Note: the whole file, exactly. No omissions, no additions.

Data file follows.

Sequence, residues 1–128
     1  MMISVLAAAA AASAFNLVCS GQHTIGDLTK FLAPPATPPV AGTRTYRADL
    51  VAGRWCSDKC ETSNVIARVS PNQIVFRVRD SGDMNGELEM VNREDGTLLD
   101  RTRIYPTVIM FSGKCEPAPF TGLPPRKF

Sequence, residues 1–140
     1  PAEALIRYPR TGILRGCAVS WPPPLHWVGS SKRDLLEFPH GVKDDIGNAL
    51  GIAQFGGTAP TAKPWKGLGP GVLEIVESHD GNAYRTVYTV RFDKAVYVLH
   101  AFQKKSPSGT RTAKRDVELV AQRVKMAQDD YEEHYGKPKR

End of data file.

Sequence, residues 1–128
     1  MMISVLAAAA AASAFNLVCS GQHTIGDLTK FLAPPATPPV AGTRTYRADL
    51  VAGRWCSDKC ETSNVIARVS PNQIVFRVRD SGDMNGELEM VNREDGTLLD
   101  RTRIYPTVIM FSGKCEPAPF TGLPPRKF

Sequence, residues 1–140
     1  PAEALIRYPR TGILRGCAVS WPPPLHWVGS SKRDLLEFPH GVKDDIGNAL
    51  GIAQFGGTAP TAKPWKGLGP GVLEIVESHD GNAYRTVYTV RFDKAVYVLH
   101  AFQKKSPSGT RTAKRDVELV AQRVKMAQDD YEEHYGKPKR